Funds to Move to Single Sales Platform
January 10, 2005
The mutual fund industry has weathered its midlife crisis, a two-year period marked by the trading scandal, and is now on the way to becoming a mature industry, Ernst & Young reports in its annual "State of the Financial Services Industry Report."
While the regulatory storm is far from over, the mutual fund industry is clearly gravitating toward the use of a common distribution platform to sell both high-end and discount products, especially at the largest groups.
"This has already occurred in the banking industry, where the first wave of change had banks trying to provide insurance, banking and trust products under one umbrella," writes Steven Buller, Americas director and global co-director of Asset Management Services at Ernst & Young.
Funds that sell through a proprietary sales force or broker/dealer, or their own distribution network, are now evolving into that model, he contends. Within the next two years, retail mutual fund groups that sell directly or through an outside sales force will also begin leveraging a lower-cost common infrastructure.
Expect aggressive pricing on those common products, too, Buller maintains.
"This means that index funds, exchange-traded funds and even some core products, such as core equity funds, money market funds and fixed income funds, will be viewed more as commodities and be subjected to that same competitive pressure," he said.
Broader Customer Range
The goal of the common distribution platform, where discount brands and premium brands occupy the same shelf space, is to reach a broader range of customers, which has become critical for fund companies, Buller said, as "high-net-worth customers increasingly are going elsewhere to buy alternative products, separately managed accounts and exchange-traded funds. At the same time, they want to continue to serve the lower-margin but higher-volume retail customers."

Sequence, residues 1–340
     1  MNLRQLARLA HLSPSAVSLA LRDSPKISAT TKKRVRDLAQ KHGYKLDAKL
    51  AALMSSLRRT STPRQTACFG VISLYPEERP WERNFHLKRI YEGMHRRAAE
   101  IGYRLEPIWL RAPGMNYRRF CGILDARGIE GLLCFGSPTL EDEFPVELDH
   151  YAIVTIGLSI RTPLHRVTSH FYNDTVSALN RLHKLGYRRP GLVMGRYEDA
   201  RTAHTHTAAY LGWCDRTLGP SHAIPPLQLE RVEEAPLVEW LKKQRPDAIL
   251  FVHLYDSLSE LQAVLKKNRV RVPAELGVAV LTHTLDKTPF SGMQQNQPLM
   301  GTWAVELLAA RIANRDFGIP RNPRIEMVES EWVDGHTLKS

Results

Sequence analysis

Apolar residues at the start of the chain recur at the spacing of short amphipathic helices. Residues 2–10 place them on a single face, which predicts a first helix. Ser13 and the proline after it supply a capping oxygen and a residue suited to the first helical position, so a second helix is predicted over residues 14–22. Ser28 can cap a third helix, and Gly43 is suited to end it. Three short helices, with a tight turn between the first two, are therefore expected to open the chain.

A common platform also enables them to cross-sell financing, accessory products, service plans and other products to the same customer. Think of a large building with two entrances - one labeled Wal-Mart and the other labeled Neiman Marcus - and within that infrastructure trying to approach two different targets, Buller offers.
The Wal-Mart door, he continues, is characteristic of the direct marketplace and includes high quality, low prices, high volume and elimination of the middleman. Take Fidelity Investments, for example, which now sells 10-basis-point index products to retail customers.
At the Neiman Marcus door, meanwhile, is the personal service investors are willing to pay for through high-performance and tailored products, including alternative products, separately managed accounts, wrap accounts and trust products that provide a higher profit margin to the fund group.
"The one thing to keep in mind, though," he warns, "is that the box in the center has to have Wal-Mart characteristics. These include a moral conservatism to protect the reputation of the enterprise, quality products and low costs, to remain competitive."
Challenges for 2005
Generally speaking, however, the asset management industry faces three broad challenges in the coming year. According to Buller, the industry is mired by unusually slow growth, faces stiff competition from low-margin and fast-growing products (including separately managed accounts and exchange-traded funds), and is wrestling with substantial increases in distribution costs because of the number of classes fund groups are now sponsoring. In the past two years alone, for example, the number of fund classes has increased by 16%, from 16,600 to 19,300, while assets per class have been generally declining, according to Ernst & Young figures.
Shelf space and finance distribution costs for those back-loaded products where funds have to pay a commission to distributors up front but don't receive the revenue stream until a later date are also posing cost challenges, Buller reports.
Expect new challenges on the regulatory front, too, he adds.
In arguably the busiest period in its 70-year history, the Securities and Exchange Commission passed 14 new rules governing mutual fund groups between September 2003 and April 2004. A total of nine new guidelines were passed last year and three more rules are pending, including the controversial, hard 4 p.m. trading close for mutual funds. According to Buller, other regulatory changes that could prove costly in 2005 include:
* The additional fees funds must pay because they no longer can direct commissions to distributors to reimburse them for distribution costs.
* The reduction in funds' ability to use soft dollars to fund research as more boards scrutinize the use of soft dollars.
* Breakpoints and product suitability as more fund groups change their breakpoints to make sure the products are suitable to customers.
* Competitive challenges presented by high expense ratios and inconsistent fees.
* The costs of an expanded compliance infrastructure.